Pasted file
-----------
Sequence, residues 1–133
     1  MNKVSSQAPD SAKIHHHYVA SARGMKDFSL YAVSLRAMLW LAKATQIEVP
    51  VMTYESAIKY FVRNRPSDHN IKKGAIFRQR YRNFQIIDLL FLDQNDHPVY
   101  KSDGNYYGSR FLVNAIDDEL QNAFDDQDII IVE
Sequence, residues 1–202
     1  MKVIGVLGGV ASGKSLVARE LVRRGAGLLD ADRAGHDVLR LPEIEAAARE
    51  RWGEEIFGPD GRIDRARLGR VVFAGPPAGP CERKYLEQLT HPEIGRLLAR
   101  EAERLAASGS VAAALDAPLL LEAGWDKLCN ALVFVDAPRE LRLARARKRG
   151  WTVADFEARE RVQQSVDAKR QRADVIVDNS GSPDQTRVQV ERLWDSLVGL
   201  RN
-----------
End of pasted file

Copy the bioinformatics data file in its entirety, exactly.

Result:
Sequence, residues 1–133
     1  MNKVSSQAPD SAKIHHHYVA SARGMKDFSL YAVSLRAMLW LAKATQIEVP
    51  VMTYESAIKY FVRNRPSDHN IKKGAIFRQR YRNFQIIDLL FLDQNDHPVY
   101  KSDGNYYGSR FLVNAIDDEL QNAFDDQDII IVE
Sequence, residues 1–202
     1  MKVIGVLGGV ASGKSLVARE LVRRGAGLLD ADRAGHDVLR LPEIEAAARE
    51  RWGEEIFGPD GRIDRARLGR VVFAGPPAGP CERKYLEQLT HPEIGRLLAR
   101  EAERLAASGS VAAALDAPLL LEAGWDKLCN ALVFVDAPRE LRLARARKRG
   151  WTVADFEARE RVQQSVDAKR QRADVIVDNS GSPDQTRVQV ERLWDSLVGL
   201  RN